There is some difference in the coupon bond and the discount bond. The coupon bond pays certain percent interest on the face value of the bond while the zero coupon bond do not pay interest. The bond with 5 percent coupon is a coupon-paying bond, and this bond pays 5 percent of its face value as the interest to the bondholder. For example, the 5 percent bond will pay $50 annually as the interest to the bondholder if the face value of the bond is $1000. The selling price of the bond with coupon hovers around its par value. On the other hand, zero coupon bond do not pay coupon to the bondholders. The zero coupon bonds are issue at discount i.e. at the price less than its face value. The bondholders get return in their investment as the price of the bond appreciates. Since the bondholder buys the bond at a price lower than its par value, the price of the bond appreciates over time as it approaches towards the maturity. So, the bondholder gets the return in the form of capital appreciation. As the bond matures, the par value is paid to the bondholder, which is higher than the price at which the bond was sold.
Calculate the price of a zero coupon bond that matures in 20 years if the market interest rate is 6.5 percent. use semi-annual compounding:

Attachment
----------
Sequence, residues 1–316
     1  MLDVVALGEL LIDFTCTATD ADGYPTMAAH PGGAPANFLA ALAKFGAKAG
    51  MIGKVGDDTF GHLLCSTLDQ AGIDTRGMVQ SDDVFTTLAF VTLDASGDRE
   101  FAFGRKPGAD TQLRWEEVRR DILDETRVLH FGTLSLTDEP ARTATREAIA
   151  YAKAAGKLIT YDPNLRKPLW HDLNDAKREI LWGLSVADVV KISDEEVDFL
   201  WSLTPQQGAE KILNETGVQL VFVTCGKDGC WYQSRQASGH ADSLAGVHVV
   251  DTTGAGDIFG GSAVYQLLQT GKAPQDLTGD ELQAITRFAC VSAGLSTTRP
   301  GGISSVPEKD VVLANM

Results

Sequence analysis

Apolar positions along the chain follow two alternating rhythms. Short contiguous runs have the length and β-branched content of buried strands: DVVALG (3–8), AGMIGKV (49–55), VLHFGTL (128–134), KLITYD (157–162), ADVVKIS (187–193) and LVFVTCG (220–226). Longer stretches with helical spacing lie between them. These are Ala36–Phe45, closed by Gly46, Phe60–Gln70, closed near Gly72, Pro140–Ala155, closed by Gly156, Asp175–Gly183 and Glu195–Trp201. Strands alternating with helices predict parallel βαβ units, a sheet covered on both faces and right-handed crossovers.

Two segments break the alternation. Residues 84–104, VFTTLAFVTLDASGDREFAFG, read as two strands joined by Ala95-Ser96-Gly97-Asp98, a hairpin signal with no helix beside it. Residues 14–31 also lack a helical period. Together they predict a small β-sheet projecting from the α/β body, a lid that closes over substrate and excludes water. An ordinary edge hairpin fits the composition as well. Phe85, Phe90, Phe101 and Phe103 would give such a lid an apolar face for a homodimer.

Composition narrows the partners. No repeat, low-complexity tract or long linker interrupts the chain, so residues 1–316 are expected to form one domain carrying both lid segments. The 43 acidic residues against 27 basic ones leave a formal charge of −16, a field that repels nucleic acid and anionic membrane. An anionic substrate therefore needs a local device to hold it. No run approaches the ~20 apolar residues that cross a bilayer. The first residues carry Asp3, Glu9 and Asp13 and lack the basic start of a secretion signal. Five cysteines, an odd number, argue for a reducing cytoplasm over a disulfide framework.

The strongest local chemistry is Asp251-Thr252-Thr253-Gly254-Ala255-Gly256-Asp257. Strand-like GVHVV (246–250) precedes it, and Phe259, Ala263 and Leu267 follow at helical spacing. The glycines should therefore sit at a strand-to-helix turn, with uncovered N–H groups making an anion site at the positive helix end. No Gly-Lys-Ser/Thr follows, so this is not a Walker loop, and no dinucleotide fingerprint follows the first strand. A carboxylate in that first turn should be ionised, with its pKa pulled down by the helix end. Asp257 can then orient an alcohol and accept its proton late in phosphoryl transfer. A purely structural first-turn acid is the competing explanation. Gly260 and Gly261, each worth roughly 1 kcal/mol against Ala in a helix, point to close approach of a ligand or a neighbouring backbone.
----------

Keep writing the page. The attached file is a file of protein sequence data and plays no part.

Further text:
Given:

Maturity period, N = 20 years = 40 periods (Semiannual compounding)
Interest rate, I = 6.5% = 0.0325 (Semiannual Compounding)
Par value, FV = $1000
Price of the bond, PV=?

We know,

PV= FVN1+iN
PV= 10001+0.032540
PV= 10001+0.032540
PV= 10003.594
PV=$278.23
The price of the discount bond is $278.23.
Compute the price of a 4.5 percent coupon bond with 15 years left to maturity and a market interest rate of 6.8 percent. (Assume interest payments are semi-annual.)

Given

Coupon = 4.5% = 4.5% of par = 4.5%*$1000 = 45. We use $22.5, as it is semiannual compounding.
Maturity, N = 15 years = 30 periods (Semiannual compounding)
Market interest rate, i = 6.8% = 3.4% (Semiannual compounding)
Face value, FV = $1000
Price of the bond =?

We know,

Bond Price=Coupon x 1-1(1+i)Ni+FV(1+i)N
Bond Price=$22.50 x 1-11+0.034300.034+1000(1+0.034)30
Bond Price=$419.05+$366.76
Bond Price=$785.81